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Sammy Gyamfi questions move to make COVID vaccination mandatory

By Richard Frimpong
Sammy Gyamfi raises two questions over mandatory COVID vaccination
Sammy Gyamfi raises two questions over mandatory COVID vaccination
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Communications Officer for the National Democratic Congress (NDC), Sammy Gyamfi, has asked two important questions about COVID-19 vaccinations in the country as government contemplates mandatory vaccination.

He stated that if the vaccine doesn’t stop people from getting infected, hospitalised and from COVID-related deaths, then why should a law be passed to make vaccination mandatory for people?

"At first we were told that no vaccine has a 100 per cent efficacy rate so no vaccine can prevent the absolute transmission of the disease but they can reduce the rate of infections. But then, we realized that breakthrough infections were also increasing. Later we were also told that we can still contract the virus even after we have been vaccinated but the risk of hospitalization will be low. So why should the hospitalization and death numbers increase," he said.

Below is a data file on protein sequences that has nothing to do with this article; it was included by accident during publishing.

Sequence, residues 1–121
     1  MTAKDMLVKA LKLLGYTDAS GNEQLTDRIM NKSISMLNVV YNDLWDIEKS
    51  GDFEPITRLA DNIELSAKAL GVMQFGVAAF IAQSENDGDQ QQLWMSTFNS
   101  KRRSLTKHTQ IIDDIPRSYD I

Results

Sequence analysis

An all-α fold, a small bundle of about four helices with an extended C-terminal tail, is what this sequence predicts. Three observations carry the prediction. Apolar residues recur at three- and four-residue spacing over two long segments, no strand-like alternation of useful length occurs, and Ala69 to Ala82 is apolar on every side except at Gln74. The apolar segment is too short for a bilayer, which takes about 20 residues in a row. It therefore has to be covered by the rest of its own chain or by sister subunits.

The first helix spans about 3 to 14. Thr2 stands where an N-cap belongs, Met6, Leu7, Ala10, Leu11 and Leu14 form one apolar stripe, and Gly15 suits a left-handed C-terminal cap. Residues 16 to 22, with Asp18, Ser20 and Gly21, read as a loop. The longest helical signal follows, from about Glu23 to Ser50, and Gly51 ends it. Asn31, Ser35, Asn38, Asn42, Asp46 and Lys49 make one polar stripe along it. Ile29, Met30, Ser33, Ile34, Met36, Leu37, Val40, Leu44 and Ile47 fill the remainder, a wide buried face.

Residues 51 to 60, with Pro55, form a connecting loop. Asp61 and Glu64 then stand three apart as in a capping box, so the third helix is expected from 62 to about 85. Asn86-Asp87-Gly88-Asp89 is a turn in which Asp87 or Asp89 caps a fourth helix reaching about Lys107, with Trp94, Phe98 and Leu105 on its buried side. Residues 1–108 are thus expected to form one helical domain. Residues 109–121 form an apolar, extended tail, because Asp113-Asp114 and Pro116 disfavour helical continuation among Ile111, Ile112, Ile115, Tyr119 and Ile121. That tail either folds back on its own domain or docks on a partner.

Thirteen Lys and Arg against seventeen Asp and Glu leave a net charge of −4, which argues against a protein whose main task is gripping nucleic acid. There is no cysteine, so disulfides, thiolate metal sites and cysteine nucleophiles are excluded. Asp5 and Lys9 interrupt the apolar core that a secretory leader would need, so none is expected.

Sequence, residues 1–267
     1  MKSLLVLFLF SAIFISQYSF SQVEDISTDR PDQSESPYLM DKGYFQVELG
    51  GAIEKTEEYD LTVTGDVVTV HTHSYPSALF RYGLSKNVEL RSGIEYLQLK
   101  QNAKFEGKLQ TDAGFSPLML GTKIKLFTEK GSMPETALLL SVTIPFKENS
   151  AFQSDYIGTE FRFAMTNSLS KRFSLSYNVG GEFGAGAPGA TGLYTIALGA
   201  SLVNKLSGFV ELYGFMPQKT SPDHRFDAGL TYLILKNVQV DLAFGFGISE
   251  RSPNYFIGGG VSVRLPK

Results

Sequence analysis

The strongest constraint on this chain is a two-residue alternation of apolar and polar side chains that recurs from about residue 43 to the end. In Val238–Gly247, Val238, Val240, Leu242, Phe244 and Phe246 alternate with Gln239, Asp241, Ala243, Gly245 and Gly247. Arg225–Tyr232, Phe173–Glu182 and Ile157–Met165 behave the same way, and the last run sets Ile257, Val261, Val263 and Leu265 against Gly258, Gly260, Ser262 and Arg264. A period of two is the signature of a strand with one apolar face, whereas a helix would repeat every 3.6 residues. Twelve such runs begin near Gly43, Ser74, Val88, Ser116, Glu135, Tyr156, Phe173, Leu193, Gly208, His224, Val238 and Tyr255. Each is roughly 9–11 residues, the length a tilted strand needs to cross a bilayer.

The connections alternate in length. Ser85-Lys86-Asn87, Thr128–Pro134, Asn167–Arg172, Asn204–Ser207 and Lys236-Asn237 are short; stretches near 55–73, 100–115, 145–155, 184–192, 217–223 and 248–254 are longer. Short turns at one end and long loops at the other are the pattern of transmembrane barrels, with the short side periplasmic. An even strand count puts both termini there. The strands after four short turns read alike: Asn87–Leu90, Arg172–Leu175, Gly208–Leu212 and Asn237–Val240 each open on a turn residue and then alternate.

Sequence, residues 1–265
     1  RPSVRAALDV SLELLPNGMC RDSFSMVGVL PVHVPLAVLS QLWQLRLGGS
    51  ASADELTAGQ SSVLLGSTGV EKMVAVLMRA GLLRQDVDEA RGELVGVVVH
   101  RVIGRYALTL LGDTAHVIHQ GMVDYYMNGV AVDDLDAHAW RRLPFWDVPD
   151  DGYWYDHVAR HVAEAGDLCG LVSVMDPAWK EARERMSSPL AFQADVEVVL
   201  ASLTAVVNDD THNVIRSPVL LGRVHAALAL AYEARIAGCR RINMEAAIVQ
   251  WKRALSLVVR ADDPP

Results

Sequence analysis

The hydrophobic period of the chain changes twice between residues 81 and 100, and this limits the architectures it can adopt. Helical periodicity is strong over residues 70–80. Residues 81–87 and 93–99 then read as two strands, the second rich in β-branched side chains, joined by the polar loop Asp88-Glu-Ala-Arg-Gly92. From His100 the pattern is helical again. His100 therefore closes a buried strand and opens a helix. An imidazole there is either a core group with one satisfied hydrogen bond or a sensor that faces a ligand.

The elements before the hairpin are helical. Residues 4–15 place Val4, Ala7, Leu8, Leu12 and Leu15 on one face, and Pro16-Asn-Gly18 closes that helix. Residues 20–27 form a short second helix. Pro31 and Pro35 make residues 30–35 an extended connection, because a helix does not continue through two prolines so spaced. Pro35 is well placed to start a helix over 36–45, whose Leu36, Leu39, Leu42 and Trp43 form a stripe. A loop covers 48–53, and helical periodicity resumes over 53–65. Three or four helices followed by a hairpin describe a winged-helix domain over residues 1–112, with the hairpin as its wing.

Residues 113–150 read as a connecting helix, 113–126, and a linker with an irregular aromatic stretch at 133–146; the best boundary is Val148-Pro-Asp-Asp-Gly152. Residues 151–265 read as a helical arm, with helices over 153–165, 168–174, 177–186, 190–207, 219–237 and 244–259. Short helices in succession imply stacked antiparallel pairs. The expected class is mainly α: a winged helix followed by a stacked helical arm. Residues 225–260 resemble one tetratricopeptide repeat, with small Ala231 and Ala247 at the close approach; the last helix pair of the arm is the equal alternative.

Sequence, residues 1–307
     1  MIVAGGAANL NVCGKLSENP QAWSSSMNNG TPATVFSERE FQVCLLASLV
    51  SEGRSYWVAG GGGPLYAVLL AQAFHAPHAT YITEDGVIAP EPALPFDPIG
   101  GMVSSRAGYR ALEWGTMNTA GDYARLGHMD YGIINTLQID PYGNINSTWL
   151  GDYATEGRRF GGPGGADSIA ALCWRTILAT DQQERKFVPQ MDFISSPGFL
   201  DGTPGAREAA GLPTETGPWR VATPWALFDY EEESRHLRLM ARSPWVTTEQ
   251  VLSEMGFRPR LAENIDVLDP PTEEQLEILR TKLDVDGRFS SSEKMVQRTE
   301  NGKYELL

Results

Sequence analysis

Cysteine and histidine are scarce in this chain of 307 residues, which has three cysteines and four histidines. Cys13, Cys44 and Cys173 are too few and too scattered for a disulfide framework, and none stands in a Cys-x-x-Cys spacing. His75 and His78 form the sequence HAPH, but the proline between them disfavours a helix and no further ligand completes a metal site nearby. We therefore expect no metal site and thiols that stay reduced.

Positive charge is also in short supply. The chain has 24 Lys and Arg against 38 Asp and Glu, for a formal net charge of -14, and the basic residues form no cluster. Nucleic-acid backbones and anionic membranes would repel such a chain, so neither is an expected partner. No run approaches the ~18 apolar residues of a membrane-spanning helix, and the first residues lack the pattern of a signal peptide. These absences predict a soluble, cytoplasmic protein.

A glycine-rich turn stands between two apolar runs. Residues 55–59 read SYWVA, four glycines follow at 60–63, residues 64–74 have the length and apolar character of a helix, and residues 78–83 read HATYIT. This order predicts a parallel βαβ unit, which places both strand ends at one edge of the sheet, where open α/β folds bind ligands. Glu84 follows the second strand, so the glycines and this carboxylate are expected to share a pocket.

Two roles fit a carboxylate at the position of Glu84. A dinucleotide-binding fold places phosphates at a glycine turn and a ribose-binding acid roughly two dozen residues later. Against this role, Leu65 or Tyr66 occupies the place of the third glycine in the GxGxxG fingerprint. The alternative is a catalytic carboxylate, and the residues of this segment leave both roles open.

Speaking on Good Morning Ghana on Thursday, December 2, 2021, the private legal practitioner said that in his perspective, there is something legally wrong with the act of compelling people to take a medication.

READ ALSO: Police to inspect COVID-19 cards from January 2022

"If it is all about the education and sensitisation campaign that people are engaged in then I think that it is beautiful. It then becomes a matter of choice but when you go and tell a person whose natural immunity has kept him from being infected in the first place that by law you have to take a vaccine whiles it won’t stop you from being infected, hospitalized and getting killed by the virus," he said.

The NDC Communications Officer also asked that if the government is going to force people to take a vaccine, then will indemnities given to the manufacturers of vaccines be removed?

Sammy Gyamfi indicated that the COVID vaccines are mostly supplied to countries that have given manufacturers indemnifications so if the government is planning to make vaccinations compulsory then they have to also plan to give people the right to sue vaccine manufacturers for any adverse effects.

The Ghana Health Service (GHS)  on Sunday, November 21, 2021, discovered the COVID-19 Omicron variant at the Kotoka International Airport (KIA) in a Nigerian traveller.

It was however said the variant has not yet been discovered within the community.

This was announced by the Director-General of the Ghana Health Service, Dr. Patrick Kuma-Aboagye, during a presentation at the launch of Ghana’s Covid-19 vaccination month which started on Wednesday, December 1, 2021.